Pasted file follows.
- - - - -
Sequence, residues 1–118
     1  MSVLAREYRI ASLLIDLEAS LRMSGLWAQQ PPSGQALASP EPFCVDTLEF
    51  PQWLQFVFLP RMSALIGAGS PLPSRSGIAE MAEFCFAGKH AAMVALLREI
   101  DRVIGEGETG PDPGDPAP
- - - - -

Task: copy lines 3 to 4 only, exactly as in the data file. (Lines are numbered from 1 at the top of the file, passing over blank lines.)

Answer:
    51  PQWLQFVFLP RMSALIGAGS PLPSRSGIAE MAEFCFAGKH AAMVALLREI
   101  DRVIGEGETG PDPGDPAP